For Solana Beach resident, Sheila Olinger, the convenience of flying out of an airport that is smaller, closer to home and has $5 all-day parking made taking the first-ever California Pacific Airlines flight Nov. 2 from Carlsbad’s McClellan-Palomar Airport a no-brainer.
CALIFORNIA PACIFIC AIRLINES
Founder: Ted Vallas
Number of employees: Nearly 100
Company description: A privately owned commercial service domestic airline that flies to San Jose, Las Vegas, Reno-Lake Tahoe, Nevada, and Phoenix-Mesa, Arizona, and uses a fleet of four 50-seat regional jets made by Embraer.
“I have a 20-month-old,” said Olinger, a 36-year-old mother who was traveling to San Jose to take the California Certified Paralegal examination. Her plan was to fly out that morning and return the same day — just in time to kiss her son good night — without having to worry about traffic or exhausting security checks, expensive parking and the potential of delayed flights while being 30-45 minutes away from home.
“This was much closer to home (than San Diego International Airport),” said the Canadian native. “It was also a quick process.”
Convenience was part of California Pacific’s strategy when founder Ted Vallas took on the task of launching a new airline. The businessman and Encinitas resident worked for a decade to get the company off the ground, after facing numerous delays at both the federal and local government levels.
Today marks “the culmination of a multi-year effort that will bring significant convenience in air travel between San Diego’s North County and the top western-region destinations our community wants to fly to nonstop,” Vallas said via a news release, referring to the airlines’ debut. “Our initial set of cities will address the needs of both business and leisure travelers from nearby McClellan-Palomar Airport. Passengers can spend less time fretting the drive to and from the airport, and spend more time enjoying their destination.”
Vallas worked in North County real estate development and ran a small airline out of McClellan-Palomar Airport in the 1980s.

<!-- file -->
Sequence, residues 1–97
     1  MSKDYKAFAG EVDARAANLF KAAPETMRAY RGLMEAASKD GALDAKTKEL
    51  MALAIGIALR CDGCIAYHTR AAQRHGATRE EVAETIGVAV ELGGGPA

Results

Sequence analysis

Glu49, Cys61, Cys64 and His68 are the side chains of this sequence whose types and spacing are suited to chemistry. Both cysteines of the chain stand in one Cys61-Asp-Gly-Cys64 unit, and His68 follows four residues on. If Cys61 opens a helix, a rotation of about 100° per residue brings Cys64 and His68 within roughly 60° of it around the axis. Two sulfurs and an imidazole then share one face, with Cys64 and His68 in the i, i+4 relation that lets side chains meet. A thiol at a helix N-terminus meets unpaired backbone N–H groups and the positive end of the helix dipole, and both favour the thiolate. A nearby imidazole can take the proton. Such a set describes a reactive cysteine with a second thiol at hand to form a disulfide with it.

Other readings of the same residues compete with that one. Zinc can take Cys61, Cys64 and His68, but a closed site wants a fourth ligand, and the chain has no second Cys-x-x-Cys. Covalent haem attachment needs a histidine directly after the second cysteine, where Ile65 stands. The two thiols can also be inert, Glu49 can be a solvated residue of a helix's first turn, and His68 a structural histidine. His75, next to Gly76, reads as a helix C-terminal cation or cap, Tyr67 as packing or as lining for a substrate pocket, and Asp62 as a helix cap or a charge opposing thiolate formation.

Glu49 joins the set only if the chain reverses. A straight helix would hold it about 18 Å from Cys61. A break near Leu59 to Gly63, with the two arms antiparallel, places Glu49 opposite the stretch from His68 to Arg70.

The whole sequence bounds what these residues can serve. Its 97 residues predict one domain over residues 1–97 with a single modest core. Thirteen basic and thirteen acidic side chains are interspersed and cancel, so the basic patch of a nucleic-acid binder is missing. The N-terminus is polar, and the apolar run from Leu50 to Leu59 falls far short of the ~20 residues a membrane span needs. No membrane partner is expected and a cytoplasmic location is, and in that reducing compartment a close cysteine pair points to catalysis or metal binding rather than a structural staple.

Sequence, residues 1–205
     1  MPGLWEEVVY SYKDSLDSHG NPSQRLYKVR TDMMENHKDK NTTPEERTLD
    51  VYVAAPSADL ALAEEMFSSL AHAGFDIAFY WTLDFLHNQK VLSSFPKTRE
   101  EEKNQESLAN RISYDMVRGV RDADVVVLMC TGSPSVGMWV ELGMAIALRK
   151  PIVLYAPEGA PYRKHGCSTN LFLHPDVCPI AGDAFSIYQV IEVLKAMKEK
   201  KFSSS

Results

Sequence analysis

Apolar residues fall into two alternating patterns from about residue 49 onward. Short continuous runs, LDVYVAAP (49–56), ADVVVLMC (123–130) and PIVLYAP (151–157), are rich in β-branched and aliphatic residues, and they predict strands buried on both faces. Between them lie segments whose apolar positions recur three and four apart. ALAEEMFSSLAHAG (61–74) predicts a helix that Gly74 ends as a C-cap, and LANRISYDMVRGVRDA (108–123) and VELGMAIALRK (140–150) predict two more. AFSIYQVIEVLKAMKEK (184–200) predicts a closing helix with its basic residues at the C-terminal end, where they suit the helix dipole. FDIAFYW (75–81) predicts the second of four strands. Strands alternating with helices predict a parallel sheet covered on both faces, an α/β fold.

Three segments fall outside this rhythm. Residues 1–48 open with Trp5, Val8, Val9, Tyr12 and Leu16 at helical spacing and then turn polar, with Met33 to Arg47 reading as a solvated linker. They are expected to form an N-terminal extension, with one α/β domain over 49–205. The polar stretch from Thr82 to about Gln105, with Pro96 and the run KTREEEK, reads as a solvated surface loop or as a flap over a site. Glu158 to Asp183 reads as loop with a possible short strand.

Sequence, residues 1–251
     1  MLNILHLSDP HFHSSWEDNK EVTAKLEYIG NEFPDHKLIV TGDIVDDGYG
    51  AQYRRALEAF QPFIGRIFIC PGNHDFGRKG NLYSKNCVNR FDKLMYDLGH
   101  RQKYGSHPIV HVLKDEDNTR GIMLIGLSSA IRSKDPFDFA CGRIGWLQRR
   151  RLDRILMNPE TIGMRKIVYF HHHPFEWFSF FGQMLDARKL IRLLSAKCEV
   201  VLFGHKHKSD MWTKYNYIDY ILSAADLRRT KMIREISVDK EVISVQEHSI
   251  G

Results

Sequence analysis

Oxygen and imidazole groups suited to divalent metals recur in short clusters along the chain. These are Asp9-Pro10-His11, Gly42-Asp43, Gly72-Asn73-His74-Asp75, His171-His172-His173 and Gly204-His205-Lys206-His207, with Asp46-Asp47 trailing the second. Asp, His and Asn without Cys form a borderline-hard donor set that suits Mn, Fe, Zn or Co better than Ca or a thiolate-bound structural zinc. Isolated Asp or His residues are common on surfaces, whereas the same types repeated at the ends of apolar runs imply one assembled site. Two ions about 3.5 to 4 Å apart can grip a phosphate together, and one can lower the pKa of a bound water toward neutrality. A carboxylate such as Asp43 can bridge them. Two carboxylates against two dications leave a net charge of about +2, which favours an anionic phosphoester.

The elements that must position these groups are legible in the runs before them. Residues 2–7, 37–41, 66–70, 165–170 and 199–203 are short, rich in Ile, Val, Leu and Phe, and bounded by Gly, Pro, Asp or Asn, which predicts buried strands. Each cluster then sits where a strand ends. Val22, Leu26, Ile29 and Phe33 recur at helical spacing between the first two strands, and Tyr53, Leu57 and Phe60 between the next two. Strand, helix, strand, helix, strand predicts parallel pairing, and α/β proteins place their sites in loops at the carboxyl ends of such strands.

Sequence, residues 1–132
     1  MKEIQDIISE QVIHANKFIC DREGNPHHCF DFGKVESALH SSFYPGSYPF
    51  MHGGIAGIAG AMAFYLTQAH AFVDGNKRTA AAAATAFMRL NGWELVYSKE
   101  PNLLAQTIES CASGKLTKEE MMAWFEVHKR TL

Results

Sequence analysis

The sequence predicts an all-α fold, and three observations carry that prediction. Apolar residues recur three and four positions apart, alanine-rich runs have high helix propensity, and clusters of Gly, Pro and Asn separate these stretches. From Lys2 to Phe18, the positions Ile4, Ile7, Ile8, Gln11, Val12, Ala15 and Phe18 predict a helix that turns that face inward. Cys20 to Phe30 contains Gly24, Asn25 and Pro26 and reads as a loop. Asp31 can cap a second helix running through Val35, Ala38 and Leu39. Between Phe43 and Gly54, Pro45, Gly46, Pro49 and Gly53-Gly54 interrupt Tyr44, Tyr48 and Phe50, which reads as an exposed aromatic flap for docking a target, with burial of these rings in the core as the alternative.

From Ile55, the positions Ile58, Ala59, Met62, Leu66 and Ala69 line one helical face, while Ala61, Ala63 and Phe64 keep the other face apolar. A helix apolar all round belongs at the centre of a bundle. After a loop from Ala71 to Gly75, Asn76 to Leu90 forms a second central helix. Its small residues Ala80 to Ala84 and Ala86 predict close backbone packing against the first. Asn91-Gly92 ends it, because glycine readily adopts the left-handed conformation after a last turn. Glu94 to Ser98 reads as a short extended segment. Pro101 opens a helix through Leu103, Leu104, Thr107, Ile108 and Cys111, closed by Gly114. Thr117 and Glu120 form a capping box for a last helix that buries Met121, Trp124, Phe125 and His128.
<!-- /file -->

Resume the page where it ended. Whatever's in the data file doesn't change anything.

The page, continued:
Launching a privately-held commercial service airline is uncommon; Cal Jet Elite Air was founded in 2015 and based out of Palomar, but it abruptly ended its service in April. While California Pacific Airlines isn’t the first privately owned commercial service domestic airline to launch in the last few decades, it is currently the only privately held commercial service airline out of Carlsbad, says Ryan DiVita, director of sales and marketing for the company.
DiVita says the company’s marketing plan, which will use both traditional and modern approaches, will target both business and leisure travelers evenly. He also adds the airline is running targeted campaigns that will hone in on various age groups, and that the company will be launching its very own reservations system, possibly in the next couple of months.
The company might be coming on the scene at a crucial time for business and leisure travel, as both sectors continue to steadily grow. According to data from the San Diego Tourism Authority, the number of domestic business-related trips in the United States is estimated to be 471.5 million in 2018, up from 462 million in 2017. That number is projected to go up to nearly 500 million by 2022. The number of domestic leisure trips in the United States in 2017 was 1.79 billion, with the number projected to be 1.82 billion in 2018. That number is anticipated to increase to 1.94 billion in 2022.
The first California Pacific flight left just after 7 a.m. and landed about an hour later at San Jose International Airport. The 50-seat plane, which had approximately 20 people onboard, was a smooth ride. Cabin service was provided by two flight attendants, one of whom passed out complimentary non-alcoholic beverages. At the end of the flight, Theodore Vallas, nephew of the company founder, jumped on the microphone to thank all those onboard.